About a third of American workers in a Social Security survey said they had retired and sought benefits because they were tired of working, while only a quarter cited illness as the major reason that they stopped working.
The survey, published in the Social Security Bulletin, covered a sample of 9,000 workers who went on the Social Security benefit rolls in the year ending May 1981.
It found that more than three-quarters of the retired workers started drawing benefits before reaching 65. About half the men and three-fifths of the women began receiving benefits at 62, the age at which workers can first retire on Social Security.
The survey showed that about a third of the married women questioned stopped work at least three years before beginning to draw benefits. Among men, only about10 percent stopped working as early as three years before receiving their first benefits, and among unmarried women, 14 percent.
The survey asked those who had stopped working the major reason that they had quit their last job.
About one-third -- 33.8 percent -- said they wanted to retire or were tired of working or did not like their jobs. Among men, the proportion retiring because they were tired of working was two-fifths, among women one quarter.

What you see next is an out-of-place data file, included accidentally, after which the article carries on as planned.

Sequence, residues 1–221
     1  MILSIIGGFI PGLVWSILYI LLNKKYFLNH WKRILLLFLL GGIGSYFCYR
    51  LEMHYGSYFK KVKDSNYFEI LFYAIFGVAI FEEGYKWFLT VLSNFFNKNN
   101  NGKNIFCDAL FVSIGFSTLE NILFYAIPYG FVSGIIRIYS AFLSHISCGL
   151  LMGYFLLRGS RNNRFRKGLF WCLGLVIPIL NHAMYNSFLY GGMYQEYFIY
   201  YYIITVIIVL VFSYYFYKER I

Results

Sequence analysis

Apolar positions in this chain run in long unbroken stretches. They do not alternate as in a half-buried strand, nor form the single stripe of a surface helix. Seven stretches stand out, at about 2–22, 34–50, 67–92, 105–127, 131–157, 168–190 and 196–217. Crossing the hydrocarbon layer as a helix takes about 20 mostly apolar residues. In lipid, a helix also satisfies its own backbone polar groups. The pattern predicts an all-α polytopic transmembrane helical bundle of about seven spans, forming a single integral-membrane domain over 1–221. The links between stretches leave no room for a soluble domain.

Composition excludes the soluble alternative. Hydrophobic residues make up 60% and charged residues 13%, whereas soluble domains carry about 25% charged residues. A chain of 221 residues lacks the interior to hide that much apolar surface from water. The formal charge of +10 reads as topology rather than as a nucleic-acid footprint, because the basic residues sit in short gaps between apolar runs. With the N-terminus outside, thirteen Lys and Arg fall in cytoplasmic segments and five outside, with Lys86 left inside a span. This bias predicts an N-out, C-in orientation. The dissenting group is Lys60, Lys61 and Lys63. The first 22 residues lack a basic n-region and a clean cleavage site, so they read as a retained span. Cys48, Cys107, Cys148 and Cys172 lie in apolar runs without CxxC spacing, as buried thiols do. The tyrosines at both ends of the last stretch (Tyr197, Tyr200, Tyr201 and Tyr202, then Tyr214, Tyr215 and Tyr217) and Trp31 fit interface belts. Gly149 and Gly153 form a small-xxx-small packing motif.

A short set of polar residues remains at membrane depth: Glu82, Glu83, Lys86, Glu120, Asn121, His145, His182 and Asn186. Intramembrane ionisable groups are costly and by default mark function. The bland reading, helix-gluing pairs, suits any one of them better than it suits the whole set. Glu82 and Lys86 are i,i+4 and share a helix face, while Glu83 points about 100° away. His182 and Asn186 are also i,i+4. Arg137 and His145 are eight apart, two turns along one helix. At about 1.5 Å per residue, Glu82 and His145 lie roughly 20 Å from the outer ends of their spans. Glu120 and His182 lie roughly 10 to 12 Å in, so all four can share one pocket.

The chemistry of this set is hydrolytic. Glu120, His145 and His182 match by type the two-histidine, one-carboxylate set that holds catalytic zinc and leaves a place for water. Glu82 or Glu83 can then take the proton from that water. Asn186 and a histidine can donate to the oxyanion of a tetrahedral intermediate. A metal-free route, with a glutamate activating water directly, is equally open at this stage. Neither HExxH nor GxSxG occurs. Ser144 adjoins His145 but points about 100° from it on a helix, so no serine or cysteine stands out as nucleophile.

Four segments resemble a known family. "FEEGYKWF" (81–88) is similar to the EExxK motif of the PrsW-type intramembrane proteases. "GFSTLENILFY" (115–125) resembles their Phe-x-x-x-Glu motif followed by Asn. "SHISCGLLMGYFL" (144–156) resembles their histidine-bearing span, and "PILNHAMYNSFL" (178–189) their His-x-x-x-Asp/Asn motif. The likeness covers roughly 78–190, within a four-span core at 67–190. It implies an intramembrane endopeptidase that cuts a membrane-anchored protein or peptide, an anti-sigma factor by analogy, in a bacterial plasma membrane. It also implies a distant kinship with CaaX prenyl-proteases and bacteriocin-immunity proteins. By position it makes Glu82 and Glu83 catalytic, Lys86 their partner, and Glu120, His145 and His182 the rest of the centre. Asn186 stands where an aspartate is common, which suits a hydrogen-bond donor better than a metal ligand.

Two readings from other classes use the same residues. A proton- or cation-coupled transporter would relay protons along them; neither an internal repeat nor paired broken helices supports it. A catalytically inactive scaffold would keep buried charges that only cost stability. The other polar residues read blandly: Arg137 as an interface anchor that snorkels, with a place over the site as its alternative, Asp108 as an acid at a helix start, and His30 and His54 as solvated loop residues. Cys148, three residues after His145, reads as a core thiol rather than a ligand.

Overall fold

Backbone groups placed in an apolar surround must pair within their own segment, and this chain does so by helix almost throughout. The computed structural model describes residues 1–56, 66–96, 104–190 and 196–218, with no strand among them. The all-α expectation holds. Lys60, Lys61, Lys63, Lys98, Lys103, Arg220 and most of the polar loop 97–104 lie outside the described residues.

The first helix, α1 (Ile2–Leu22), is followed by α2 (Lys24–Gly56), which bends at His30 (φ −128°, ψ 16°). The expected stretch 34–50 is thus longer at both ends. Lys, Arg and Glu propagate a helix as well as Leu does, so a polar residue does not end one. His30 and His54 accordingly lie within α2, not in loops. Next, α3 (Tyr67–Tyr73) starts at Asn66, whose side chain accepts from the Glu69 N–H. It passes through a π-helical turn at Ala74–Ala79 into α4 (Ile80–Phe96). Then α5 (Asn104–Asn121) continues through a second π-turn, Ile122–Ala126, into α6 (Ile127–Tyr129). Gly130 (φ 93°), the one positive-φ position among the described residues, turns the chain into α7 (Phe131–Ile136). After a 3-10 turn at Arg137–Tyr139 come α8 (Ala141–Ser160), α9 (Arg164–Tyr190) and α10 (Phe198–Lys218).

The second major reason was ill health, cited by about 25 percent in most age groups.
This was a sharp change from a similar survey taken in 1968, when 54 percent of all men aged 62 to 64 cited health as the major reason that they had stopped working.
Here are some of the other reasons cited as by workers for leaving their last jobs:
* About one out of 10 men and one out of eight women said their primary reason for leaving their last job was that business was bad or they had been fired.
* Only 7 percent of the men and3 percent of the women said that they left because of compulsory retirement rules.
* The report said "relatively few 5 percent of the men and 2 percent of the women reported that eligibility for Social Security benefits or any other pension was what prompted them to leave."
* Only a handful of men cited family obligations (3 percent) as the major reason for stopping work, but the figure for women was much higher: 17 percent.